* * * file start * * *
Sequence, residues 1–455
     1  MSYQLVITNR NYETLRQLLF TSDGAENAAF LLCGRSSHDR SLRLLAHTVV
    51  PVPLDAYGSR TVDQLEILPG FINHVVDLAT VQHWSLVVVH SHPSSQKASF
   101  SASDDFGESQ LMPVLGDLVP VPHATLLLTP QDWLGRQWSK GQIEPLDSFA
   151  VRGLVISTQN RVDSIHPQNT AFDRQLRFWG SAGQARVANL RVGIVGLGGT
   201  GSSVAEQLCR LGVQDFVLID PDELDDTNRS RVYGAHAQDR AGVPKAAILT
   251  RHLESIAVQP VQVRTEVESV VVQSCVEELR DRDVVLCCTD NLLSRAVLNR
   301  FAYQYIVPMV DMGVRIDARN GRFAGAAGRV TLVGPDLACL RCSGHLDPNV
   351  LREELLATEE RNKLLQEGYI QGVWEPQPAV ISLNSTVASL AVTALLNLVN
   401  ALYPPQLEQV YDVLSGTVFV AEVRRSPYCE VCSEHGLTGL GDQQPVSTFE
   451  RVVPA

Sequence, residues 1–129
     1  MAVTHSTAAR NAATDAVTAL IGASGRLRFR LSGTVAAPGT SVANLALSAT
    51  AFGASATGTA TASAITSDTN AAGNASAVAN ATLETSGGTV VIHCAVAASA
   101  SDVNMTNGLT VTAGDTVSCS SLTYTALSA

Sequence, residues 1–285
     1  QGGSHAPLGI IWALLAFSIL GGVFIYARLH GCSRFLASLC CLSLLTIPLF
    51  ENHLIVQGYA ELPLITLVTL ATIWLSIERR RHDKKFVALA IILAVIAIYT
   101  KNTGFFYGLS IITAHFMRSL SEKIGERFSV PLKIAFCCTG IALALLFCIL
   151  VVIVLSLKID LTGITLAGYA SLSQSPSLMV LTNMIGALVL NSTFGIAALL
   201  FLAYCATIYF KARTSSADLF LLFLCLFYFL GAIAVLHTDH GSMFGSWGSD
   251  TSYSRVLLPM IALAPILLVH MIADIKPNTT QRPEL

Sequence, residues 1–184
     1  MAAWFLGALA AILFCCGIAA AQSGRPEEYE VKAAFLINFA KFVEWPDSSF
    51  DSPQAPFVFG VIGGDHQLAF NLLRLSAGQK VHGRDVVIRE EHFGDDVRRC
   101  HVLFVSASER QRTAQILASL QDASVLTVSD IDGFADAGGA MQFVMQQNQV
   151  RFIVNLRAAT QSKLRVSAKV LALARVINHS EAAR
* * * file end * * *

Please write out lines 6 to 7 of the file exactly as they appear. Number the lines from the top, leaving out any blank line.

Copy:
   201  GSSVAEQLCR LGVQDFVLID PDELDDTNRS RVYGAHAQDR AGVPKAAILT
   251  RHLESIAVQP VQVRTEVESV VVQSCVEELR DRDVVLCCTD NLLSRAVLNR